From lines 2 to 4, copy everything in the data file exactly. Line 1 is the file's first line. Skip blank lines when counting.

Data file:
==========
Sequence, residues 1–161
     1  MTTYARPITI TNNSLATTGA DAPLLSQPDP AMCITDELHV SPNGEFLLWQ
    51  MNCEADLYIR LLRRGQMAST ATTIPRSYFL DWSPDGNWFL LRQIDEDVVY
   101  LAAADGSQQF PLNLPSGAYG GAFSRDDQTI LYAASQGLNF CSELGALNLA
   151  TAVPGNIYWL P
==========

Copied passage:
     1  MTTYARPITI TNNSLATTGA DAPLLSQPDP AMCITDELHV SPNGEFLLWQ
    51  MNCEADLYIR LLRRGQMAST ATTIPRSYFL DWSPDGNWFL LRQIDEDVVY
   101  LAAADGSQQF PLNLPSGAYG GAFSRDDQTI LYAASQGLNF CSELGALNLA